I’ll continue on in the next weeks talking about the D word (next week intra-specifically (between dogs) and the week after inter-specifically (between dogs and people), but I thought an intermission celebrating spring and Easter would be nice. Besides, you all deserve reinforcement for such considerate and thoughtful comments (which have been fascinating by the way, thank you so much.)
Three ewes have lambed so far, and I have 5 to go. Lady Godiva & Spot had twins and Rosebud, what a woman, had triplets. All are doing well. Spot’s lambs had bellies so full of milk just an hour after their birth that they felt like they had bricks in their tummies. Nothing better than quiet lambs with warm mouths and full bellies (or worse than bawling lambs with cold mouths and empty ones.)
I only have 5 more ewes to lamb out. I have such a tiny flock that serious lamb producers laugh when I tell them my winter herd equals a total of nine. When I was in New Zealand the sheep folks I talked to looked stunned when I said I had 8 or 10 ewes. They count them in lots of a hundred, or a thousand, and could barely imagine having a flock so small. “Ah,” they’d say after learning that not only did I have a micro flock, I gave them names. “So you have them as pets,” they’d say, with a friendly but somewhat incredulous smile on their face. Well, I guess I sort of do. But not . . . An interesting question… how close a social relationship does one have to have to call an animal a pet?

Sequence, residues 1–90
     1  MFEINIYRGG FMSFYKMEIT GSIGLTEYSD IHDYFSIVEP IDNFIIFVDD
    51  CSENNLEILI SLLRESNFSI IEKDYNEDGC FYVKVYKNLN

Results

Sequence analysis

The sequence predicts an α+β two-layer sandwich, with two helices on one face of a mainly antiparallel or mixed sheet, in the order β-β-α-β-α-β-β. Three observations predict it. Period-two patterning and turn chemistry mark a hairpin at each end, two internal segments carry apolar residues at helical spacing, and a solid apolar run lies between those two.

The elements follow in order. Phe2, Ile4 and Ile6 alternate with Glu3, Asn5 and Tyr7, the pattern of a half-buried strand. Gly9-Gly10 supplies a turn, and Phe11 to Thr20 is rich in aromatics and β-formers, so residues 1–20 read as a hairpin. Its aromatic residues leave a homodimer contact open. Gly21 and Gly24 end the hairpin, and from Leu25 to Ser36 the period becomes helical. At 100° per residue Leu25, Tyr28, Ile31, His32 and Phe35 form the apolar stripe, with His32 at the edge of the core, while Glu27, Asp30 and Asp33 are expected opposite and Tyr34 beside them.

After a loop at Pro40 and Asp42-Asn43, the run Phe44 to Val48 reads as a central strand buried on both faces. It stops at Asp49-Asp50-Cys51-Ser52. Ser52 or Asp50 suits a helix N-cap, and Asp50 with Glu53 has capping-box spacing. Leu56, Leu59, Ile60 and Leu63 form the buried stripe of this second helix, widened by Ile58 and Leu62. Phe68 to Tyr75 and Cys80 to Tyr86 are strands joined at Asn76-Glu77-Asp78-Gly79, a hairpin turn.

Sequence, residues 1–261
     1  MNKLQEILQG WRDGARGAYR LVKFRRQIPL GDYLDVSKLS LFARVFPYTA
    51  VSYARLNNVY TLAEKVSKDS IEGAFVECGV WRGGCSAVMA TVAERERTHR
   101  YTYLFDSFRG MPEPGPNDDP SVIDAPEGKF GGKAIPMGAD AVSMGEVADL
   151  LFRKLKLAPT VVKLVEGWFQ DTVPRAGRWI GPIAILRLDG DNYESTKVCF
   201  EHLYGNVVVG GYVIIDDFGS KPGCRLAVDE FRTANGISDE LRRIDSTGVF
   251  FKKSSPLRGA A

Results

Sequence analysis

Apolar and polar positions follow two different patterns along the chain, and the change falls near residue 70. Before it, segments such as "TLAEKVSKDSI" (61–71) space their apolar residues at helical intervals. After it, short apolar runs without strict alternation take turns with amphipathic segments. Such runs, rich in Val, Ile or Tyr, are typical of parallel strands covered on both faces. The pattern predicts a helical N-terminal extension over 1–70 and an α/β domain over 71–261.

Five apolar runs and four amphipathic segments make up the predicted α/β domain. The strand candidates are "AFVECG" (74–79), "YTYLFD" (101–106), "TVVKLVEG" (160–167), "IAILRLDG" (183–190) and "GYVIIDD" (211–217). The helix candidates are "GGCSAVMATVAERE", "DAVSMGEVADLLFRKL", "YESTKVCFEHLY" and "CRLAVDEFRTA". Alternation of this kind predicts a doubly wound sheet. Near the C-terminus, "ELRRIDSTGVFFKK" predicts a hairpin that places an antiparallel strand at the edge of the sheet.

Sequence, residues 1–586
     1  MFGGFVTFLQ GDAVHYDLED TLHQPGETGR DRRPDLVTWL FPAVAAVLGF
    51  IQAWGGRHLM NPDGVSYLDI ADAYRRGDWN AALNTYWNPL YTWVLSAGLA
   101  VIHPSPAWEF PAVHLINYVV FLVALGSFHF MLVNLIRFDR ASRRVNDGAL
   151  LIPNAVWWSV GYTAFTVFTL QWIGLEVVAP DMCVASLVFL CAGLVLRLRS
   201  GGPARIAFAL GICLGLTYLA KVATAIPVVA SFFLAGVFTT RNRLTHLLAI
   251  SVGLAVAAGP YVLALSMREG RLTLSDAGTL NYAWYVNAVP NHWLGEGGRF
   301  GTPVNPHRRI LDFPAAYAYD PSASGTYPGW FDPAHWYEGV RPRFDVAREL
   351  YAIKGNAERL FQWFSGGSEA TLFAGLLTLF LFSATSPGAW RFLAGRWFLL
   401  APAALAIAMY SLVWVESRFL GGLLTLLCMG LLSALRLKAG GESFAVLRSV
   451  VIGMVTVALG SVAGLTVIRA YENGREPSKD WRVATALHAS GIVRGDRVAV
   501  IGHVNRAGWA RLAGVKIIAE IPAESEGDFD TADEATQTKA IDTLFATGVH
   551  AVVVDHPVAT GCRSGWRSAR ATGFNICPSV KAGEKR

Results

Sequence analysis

Speaking of, I am becoming worried about Dorothy. my oldest ewe. As a matter of fact, I’m waiting for the vet to call. Dorothy is a week overdue. A couple of days is meaningless, 4-5 becoming a bit of a concern. A full week? Hmmm. Here is she resting, about an hour ago. I would have been more worried, but she seems fine, hungry and as active as everyone else. But darn I wish her lambs would come soon. I expect she does too… check out her belly:
It’s crazy busy for everyone in the country right now. It’s almost 80 degrees (30 degrees over normal), things are growing and moving and changing and it feels like everything needs to be done right away. You don’t have much control over when you do things on a farm: the weather and season plans out your agenda for you. I got the pasture fertilized yesterday (check), some of the mulch out of the gardens (check), some of the fencing repaired (check) but couldn’t spray the thistles because it was too windy. The daffodils all opened up at the same time, literally in one day, and would burn out in another day or so if it stayed so warm and sunny. Luckily, it’s clouding up and supposed to rain. Good good good. Don’t want summer in spring and it’s terribly dry now, and we really need the rain.
And here’s some lamb rapture shots of Andrea Stephenson (new marketing director and web queen extraordinaire) and me today at lunch time: